Dak Reads Les Misérables / MARIUS: Book 1


About: Dak reads Les Misérables and recaps it here, so that she may better retain the information. Things not to expect: deep literary analysis. Things to expect: Spoilers. All the spoilers

Marius: Book 1; In which Paris is the Hub of the Universe and homeless children roam the streets
So, in this chapter we have moved on from nuns to gamins. Google tells me gamin means ‘kid’ or more specifically a small boy. Apparently there is more to it than that though, because I just read thousands and thousands of words about them.

They are in this context the young boys that populate the streets of Paris.  They don’t really have any homes or parents or anything. The street is their home.

They’ve got their own little society going on, with its own rules, money, and hierarchies depending on where the kid’s been and what he’s seen. The kid that saw a dude fall off Notre Dame gets some mad respect. One important thing to note: They know all the police officers. Maybe not by name, but definitely by appearance: The tall one, the short one, the mean one, the one with a fierce mustache etc…. This might come into play later on. By might, I mean definitely.

So, these homeless children running around everywhere were convenient when the King wanted to build up a navy. The police would just grab a kid whenever they needed someone, and nobody missed them when they disappeared. Sometimes, though, if supply was running short, a kid that did have a father would get nabbed. There were nasty rumors about the King’s “Crimson Bath”: a cursory web search to see if this was an actual rumor of the time only nets me pictures of red tiled bathrooms, but since it’s described as a “Monstrous Conjecture” I’m going to go ahead and assume it’s some sort of Elizabeth Báthory type situation they’re imagining. Monstrous indeed.

And what of these fathers whose sons were stolen away? Well, they’d go after the policemen who grabbed the boys and end up having to face the law themselves. Apparently this usually ended in a hanging sentence for the fathers.

Moving on to the city itself, this is another one of those intro chapters that name-drops about a hundred million things in order to describe Paris that I’m going to have to look up. Just imagine a tidal wave of text filled with names and places and allusions to ancient Greeks and Romans and — well — everything and anything, and you will have this chapter. Someone in two hundred years is going to need to upload some encyclopedias into their brains to catch all the nuances and references. I am afraid I have no such encyclopedic knowledge, and the only ones I caught without a Google were the refs about Boston in the 1770s and Harper’s Ferry, the latter of which hadn’t even happened at the point in which this book is taking place right now. To be fair it’s in a paragraph about Paris influencing future as well as past events, specifically revolutions.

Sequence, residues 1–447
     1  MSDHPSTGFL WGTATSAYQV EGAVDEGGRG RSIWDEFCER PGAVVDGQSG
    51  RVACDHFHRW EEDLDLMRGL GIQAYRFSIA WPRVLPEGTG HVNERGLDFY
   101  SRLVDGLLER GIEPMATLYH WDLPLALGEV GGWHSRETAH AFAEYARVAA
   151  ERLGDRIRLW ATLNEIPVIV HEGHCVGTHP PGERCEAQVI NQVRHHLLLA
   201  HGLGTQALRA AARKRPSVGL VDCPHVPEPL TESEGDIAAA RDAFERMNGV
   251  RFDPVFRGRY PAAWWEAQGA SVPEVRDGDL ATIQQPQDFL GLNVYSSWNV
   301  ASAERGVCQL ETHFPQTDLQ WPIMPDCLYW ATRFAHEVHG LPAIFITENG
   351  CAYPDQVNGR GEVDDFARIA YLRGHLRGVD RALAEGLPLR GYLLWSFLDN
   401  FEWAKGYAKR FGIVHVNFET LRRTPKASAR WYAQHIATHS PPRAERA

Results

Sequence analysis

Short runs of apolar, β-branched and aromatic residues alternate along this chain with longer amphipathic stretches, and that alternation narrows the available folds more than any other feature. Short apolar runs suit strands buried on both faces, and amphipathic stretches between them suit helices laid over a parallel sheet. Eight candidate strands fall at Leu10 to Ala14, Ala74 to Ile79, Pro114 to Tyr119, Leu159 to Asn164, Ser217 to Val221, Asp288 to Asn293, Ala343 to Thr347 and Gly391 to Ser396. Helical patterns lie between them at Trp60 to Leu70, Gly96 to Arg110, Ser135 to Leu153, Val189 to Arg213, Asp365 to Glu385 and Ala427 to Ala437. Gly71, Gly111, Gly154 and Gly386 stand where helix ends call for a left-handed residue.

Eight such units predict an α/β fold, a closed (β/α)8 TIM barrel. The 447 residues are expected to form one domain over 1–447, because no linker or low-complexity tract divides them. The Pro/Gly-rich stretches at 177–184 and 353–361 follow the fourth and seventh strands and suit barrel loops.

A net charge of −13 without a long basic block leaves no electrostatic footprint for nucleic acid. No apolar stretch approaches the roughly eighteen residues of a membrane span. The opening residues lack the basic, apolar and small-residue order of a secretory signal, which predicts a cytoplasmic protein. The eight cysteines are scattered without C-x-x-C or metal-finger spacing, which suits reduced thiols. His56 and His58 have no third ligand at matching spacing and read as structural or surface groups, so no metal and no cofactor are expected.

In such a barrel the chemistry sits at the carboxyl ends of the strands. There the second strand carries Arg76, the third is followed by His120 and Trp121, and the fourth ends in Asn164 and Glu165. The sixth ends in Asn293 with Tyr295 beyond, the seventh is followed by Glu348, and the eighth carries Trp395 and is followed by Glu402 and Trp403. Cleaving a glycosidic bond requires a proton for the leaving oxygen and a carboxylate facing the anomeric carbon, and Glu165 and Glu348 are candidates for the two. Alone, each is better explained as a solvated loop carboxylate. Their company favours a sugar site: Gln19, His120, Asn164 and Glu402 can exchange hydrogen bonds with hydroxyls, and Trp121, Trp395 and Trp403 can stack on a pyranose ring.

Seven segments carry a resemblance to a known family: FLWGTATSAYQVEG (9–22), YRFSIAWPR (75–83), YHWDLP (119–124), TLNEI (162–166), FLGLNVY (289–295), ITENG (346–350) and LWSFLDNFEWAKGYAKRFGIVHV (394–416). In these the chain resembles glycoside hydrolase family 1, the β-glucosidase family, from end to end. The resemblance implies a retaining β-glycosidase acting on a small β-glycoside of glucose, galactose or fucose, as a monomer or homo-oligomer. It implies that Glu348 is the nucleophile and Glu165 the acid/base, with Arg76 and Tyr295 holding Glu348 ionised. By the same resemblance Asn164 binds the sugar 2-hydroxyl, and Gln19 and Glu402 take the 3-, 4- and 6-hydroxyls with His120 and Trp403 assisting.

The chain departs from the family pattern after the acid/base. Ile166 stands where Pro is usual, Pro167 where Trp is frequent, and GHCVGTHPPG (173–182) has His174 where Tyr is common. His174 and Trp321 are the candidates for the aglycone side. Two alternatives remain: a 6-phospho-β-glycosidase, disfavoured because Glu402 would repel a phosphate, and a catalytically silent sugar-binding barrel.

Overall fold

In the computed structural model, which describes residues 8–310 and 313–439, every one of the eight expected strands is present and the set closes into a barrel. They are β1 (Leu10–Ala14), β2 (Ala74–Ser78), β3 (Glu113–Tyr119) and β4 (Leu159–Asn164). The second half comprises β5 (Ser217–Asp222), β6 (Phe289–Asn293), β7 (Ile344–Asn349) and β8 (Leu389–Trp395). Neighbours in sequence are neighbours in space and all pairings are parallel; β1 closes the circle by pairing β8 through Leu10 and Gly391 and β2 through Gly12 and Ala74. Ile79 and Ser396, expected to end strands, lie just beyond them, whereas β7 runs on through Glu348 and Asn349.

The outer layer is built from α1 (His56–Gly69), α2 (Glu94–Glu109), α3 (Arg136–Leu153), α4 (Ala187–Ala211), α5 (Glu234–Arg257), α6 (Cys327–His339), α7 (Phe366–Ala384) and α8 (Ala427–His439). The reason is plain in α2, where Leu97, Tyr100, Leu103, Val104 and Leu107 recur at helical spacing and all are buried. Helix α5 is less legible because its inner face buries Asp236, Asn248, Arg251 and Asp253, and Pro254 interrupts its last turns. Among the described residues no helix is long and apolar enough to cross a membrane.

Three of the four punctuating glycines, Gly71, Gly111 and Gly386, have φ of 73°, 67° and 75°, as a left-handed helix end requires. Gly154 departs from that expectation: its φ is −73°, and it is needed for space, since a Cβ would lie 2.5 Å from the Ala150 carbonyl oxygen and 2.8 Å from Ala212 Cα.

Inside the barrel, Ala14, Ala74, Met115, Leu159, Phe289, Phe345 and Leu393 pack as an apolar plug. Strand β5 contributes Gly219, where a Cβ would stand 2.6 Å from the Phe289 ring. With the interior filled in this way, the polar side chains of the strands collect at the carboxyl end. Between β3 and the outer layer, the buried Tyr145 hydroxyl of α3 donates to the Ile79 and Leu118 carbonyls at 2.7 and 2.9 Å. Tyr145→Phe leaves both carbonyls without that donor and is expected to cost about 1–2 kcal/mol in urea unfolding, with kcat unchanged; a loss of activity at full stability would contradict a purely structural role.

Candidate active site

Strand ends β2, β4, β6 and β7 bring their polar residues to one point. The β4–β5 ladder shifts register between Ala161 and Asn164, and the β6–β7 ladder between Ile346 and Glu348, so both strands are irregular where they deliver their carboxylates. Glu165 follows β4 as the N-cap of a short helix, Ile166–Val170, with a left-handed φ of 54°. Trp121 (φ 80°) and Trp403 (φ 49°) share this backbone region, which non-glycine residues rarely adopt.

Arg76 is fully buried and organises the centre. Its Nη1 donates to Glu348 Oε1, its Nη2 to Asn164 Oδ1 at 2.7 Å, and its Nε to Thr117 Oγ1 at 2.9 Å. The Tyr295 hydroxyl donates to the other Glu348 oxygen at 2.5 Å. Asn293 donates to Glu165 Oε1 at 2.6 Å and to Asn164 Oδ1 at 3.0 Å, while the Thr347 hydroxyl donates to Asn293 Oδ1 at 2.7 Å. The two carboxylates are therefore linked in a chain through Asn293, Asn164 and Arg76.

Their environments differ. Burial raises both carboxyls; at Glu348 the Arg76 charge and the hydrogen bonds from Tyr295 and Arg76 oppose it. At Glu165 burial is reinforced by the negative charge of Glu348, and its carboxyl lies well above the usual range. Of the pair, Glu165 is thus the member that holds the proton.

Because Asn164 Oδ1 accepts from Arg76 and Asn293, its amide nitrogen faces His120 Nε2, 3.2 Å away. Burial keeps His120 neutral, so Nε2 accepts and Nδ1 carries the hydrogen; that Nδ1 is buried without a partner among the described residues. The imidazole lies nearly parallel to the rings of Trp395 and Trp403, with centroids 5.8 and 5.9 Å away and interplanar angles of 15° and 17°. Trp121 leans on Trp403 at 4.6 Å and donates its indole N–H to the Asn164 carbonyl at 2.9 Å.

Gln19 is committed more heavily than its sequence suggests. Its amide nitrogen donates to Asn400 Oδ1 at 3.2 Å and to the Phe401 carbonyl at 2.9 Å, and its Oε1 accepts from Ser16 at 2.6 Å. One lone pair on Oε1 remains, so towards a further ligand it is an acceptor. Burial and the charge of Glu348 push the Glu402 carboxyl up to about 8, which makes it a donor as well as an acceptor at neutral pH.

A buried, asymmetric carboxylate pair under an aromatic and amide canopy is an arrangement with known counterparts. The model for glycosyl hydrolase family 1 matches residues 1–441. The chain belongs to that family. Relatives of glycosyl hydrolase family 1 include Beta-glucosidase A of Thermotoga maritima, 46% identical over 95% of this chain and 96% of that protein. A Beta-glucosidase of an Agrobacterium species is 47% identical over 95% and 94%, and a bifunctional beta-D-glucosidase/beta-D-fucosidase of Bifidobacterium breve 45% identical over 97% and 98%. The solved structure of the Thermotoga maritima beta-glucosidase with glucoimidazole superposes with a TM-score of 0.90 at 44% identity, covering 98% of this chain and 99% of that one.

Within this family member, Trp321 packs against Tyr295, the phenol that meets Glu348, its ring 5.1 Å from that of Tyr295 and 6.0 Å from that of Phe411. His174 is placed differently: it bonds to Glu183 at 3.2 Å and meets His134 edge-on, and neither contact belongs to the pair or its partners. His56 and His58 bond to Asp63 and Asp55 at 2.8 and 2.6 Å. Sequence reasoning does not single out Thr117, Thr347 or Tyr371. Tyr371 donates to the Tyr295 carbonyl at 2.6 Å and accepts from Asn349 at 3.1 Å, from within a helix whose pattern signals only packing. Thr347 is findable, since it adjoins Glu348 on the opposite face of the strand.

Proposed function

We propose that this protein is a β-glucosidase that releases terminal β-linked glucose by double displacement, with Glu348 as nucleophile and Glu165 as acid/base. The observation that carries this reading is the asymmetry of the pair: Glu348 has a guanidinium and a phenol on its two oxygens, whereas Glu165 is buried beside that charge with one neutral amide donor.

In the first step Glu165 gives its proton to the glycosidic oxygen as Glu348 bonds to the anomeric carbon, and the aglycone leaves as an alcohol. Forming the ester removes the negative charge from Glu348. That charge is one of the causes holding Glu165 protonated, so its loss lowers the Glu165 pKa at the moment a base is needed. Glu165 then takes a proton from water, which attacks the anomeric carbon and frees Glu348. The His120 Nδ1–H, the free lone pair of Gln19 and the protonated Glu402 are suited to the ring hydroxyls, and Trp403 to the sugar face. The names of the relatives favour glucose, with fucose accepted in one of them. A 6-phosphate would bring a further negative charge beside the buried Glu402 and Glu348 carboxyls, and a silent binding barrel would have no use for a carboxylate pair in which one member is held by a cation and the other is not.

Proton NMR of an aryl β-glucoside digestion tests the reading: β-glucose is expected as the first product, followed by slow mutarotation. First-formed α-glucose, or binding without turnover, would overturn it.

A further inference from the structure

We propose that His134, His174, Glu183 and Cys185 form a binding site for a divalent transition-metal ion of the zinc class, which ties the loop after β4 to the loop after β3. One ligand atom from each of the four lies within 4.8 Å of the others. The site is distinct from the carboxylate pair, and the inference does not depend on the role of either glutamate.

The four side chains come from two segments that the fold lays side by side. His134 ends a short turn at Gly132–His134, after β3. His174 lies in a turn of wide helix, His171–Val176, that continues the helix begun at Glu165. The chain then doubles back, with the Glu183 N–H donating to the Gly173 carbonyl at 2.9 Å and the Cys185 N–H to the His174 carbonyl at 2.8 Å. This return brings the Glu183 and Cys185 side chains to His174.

You can sort of get the idea though: Paris is a happen’ town in not just the Earth, but the whole dang Universe with a wide influence in a vast array of areas, a hub for sure.

Even its street dwelling orphans are a special breed. Even my website is named after it.*** Look at that! It’ll build you up. It’ll let you down. It will laugh right in your face:

Paris does more than lay down the law; it lays down the fashion; Paris does more than lay down the fashion; it lays down the routine. Paris can be stupid if it likes; sometimes it indulges in this luxury , and the whole universe is stupid along with it. Then Paris wakes up, rubs its eyes and says, “Am I ever stupid!” and burst out laughing in the face of mankind.
Go Home, Paris. You’re drunk.

We are going to meet one very specific little boy here.  His name is Gavroche, a child of around ten or twelve, something like that.  Whatever.

His family goes by the name Jondrette, and four of them live in one room in Gorbeau House, because of course they do. Of all the run down tenements in all the towns…

Sometimes Gavroche drops by for a visit where the entire family lives in a single room… Mom, Dad, and two older girls, but he doesn’t get anything out of it as far as I can tell. He comes from the streets and returns to the streets at the end of the day. Needless to say these parents don’t really care for him. There’s not a spark of warmth from his mother, though she does love the two sisters.

Well, if this isn’t a familiar scenario, don’t you think? I will let you ponder about where you’ve heard this one before and give you a friendly reminder about all the times people keep coincidentally running into each other in what I think is a pretty big country to keep running into the same people all the time!

There are other tenants in the Gorbeau house now. The old landlady has since passed away and been replaced by a new one exactly like her, so we don’t have to bother describing her. There’s no mention of the giant creepy spiders, but I’m going to assume they’re still spinning around, and there is a dirt poor fellow that lives there in the room next to these Jondrettes. Guess who it is?
I’ll give you a hint: this entire volume is named after him.

He is is called Monsieur Marius.

*** I guess I can mention here, that this website is named after the city in which I grew up: Cincinnati. It was one of the Queen City’s many nicknames at one point. It is merely a happy accident that it coincides so nicely with what I’m reading right now!